- Your childhood – expect to be asked about your favorite memories, anything traumatic, etc.
- Your mental and physical health – to include any medication you take
- Your philosophy on child discipline – how were you disciplined, and how you plan to discipline your child
- Your family – specifically, your parents and siblings
- Your work history
The interviews took longer than the home evaluation portion, so I recommend focusing on preparing yourself mentally vs. preparing the house. Be prepared for questions you may not have anticipated as you think about an infant in your household: how will you discipline the child when they are old enough, how will you explain adoption, how will you teach them about sexuality, how will you handle developmental or emotional challenges that may arise, etc.?
Following the initial home study meeting, we got to work prepping the house with the required safety and baby-proofing measures and gathering the additional documentation we needed, including pictures of every room of the house, a house map showing square footage of each room and a fire escape plan.
Adoption Home Study Meeting 2
In the second home study meeting, we reviewed/checked the recommendations from the first meeting, and were interviewed together as a couple with questions such as:
- How did you meet?
- What traits did you like/see in your future spouse/partner?
- How do you manage arguments?
- How are household duties split?
- What is your financial situation and how are finances managed?
- How do you plan to discipline your child?
- What can you provide for the child physically and emotionally?
Our “case” was then presented before a committee at the agency for approval, while we got to work on our adoption profile book.
Step 4 – Adoption Profile Book
The adoption profile book is your story for the consideration of birth parents as they select an adoptive family for their baby. We created a Shutterfly photo book. In all honesty, I didn’t love the quality of the printing, but I haven’t used any other services to date, so I can’t make any other recommendations. Ours was an 11-inch by 8.5-inch, hard-cover book that ended up being 20 pages. That sounds like a lot, but remember, it is full of photos. Our book included:
- A letter to the birth parents (hardest thing I’ve ever written!)
- Pages about each of us individually as well as our families
- “Our story”: how we met, how we like to spend our time, how we arrived at the decision to adopt
- A page about our beloved furbaby, a yellow lab
- Pages about our home, neighborhood, schools, etc.
I’ve since posted about how to get started on your adoption profile book.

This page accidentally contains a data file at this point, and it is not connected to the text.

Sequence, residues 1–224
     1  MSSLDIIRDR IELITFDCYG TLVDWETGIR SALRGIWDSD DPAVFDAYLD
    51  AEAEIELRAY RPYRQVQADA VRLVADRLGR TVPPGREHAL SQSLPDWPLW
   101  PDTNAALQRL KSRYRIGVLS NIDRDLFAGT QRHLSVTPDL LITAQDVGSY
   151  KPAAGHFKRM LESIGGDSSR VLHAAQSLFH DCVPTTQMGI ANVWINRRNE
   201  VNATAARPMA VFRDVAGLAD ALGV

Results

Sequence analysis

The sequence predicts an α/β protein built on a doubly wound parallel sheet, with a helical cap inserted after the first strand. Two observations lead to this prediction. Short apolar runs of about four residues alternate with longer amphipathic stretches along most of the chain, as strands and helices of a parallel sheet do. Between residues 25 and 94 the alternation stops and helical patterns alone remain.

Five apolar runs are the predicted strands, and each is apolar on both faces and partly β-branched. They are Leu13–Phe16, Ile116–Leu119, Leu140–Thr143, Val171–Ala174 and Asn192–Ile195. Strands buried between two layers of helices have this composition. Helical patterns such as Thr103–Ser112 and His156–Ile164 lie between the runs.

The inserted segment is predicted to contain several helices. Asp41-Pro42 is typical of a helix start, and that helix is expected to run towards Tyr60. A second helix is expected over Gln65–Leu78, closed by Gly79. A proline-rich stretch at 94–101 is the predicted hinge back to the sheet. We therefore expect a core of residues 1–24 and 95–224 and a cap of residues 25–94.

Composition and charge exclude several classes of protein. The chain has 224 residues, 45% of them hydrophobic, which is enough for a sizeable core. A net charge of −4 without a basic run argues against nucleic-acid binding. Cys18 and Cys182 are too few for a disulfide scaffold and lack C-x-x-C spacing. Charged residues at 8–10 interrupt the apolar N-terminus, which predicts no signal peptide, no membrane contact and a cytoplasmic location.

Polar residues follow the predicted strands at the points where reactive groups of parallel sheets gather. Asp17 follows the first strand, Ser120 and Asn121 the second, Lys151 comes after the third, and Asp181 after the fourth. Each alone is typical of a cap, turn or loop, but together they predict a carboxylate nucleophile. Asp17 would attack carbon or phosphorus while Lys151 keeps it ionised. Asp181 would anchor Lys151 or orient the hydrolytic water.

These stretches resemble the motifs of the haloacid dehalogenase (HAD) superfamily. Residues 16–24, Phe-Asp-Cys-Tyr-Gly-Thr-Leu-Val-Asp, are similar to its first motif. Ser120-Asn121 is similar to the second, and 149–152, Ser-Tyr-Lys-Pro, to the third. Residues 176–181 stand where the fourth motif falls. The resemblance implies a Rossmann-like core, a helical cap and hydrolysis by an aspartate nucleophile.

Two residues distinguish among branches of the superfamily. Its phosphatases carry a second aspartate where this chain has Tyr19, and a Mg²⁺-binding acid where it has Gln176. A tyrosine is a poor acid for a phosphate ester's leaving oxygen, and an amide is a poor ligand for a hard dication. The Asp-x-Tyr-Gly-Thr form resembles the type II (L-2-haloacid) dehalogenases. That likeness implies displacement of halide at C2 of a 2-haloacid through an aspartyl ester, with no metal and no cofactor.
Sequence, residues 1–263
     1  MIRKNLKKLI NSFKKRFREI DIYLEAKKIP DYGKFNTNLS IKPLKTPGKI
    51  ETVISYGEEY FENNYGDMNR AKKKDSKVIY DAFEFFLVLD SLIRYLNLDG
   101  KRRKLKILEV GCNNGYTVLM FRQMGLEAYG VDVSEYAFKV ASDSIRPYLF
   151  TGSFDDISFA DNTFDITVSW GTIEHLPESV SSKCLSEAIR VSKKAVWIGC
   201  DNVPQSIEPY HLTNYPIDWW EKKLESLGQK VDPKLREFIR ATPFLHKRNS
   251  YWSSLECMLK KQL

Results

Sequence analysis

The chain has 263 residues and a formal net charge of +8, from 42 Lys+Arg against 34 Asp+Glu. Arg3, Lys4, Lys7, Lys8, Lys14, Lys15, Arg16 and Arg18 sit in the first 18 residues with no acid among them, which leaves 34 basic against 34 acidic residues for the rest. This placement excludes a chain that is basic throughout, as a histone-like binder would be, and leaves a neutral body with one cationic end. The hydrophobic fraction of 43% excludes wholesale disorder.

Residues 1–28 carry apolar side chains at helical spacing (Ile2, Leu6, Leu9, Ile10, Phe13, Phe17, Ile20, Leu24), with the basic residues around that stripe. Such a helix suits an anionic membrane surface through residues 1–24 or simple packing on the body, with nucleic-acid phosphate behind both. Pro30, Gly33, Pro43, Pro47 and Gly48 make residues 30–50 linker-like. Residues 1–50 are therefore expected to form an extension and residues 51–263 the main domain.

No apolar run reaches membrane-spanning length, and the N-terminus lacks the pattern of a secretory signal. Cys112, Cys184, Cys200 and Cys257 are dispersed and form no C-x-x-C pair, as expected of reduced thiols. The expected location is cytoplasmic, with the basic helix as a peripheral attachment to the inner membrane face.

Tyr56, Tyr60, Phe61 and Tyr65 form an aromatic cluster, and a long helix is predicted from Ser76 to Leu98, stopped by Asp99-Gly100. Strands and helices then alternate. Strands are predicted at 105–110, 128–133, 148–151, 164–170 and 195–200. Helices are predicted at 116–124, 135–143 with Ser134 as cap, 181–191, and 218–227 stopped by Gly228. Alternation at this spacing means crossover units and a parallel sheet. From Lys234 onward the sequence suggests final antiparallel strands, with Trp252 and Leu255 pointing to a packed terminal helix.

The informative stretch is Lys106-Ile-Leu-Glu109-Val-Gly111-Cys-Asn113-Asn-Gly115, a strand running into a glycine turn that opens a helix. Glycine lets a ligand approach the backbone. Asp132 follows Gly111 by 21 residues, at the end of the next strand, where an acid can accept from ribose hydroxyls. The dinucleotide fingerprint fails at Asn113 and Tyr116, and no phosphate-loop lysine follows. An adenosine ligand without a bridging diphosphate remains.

While we worked away on our profile book, our home study case was approved by the agency, and we were all set and ready to connect with a birth mom.
Step 5 – The Wait
I know, I know. This is supposed to be FOUR steps. But after writing this, I decided another step needed to be added — I forgot about THE WAIT. Fortunately, 0ur wait wasn’t that long, but it wasn’t without anxiety. Margaritas, people. They ARE the answer. Just kidding. You need wine, too.
But seriously. My heart goes out to anyone in the waiting process. It is brutal, no matter how lengthy. For us, we passed the time by planning what we assumed (hoped!) would be our last beach vacation for a while, to reward ourselves for all the work put into the process and gear up for what was ahead. We spent time at the pool. We tried to live our lives and have a good time.
What we didn’t do was start buying baby stuff and planning a nursery. I personally just could not deal with the heartache of walking past an empty nursery while I waited. Babies actually do not need that much early on. We made an emergency shopping list for the essentials, and a spreadsheet of potential names — that’s it.
When we were matched and baby got here, we slipped away while she napped in the nursery at the hospital, and armed with our emergency list, we picked up some things at Target. We made a registry once we got home from the hospital, and our sweet friends planned baby showers for us weeks later. We are proof that it doesn’t take much preparation to bring a new baby home, and it was wonderful to be able to experience such celebrations like “normal” new parents, without fear that something might fall through.
Every adoption experience varies, but I hope my insight into these basic steps is useful in your journey.